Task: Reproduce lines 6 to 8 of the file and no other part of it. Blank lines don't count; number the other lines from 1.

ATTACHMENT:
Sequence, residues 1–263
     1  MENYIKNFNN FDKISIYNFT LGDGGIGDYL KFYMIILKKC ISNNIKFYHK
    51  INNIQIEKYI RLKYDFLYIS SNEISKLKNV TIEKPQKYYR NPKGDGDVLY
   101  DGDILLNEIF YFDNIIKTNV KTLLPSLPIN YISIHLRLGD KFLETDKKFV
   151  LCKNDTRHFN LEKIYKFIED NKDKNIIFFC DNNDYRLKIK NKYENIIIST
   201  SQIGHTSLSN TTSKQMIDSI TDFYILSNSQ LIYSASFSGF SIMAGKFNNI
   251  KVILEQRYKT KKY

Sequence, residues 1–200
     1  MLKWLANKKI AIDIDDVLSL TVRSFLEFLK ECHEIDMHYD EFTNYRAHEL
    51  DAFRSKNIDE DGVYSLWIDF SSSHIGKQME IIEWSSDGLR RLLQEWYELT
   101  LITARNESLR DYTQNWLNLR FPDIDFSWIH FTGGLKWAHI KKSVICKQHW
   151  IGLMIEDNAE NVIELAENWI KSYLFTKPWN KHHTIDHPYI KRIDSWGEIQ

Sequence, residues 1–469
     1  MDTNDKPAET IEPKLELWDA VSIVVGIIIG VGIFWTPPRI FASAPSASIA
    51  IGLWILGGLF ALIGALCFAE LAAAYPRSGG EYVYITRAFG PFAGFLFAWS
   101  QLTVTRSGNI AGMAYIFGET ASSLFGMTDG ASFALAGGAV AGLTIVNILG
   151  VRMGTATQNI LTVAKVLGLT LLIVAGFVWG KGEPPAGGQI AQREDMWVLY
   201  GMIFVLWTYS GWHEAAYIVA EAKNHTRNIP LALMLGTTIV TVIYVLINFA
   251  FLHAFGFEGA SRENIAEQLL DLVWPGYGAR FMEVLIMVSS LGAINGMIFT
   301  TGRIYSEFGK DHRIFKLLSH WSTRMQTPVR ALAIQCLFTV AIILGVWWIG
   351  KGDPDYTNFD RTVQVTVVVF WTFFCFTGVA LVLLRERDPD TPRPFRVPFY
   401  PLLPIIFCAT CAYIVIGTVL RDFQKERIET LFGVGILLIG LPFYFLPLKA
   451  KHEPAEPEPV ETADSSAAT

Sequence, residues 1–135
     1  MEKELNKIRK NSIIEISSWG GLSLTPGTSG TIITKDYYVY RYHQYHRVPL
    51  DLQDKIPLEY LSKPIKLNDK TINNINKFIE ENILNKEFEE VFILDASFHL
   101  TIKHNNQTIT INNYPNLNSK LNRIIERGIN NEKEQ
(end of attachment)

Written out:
   201  SQIGHTSLSN TTSKQMIDSI TDFYILSNSQ LIYSASFSGF SIMAGKFNNI
   251  KVILEQRYKT KKY

Sequence, residues 1–200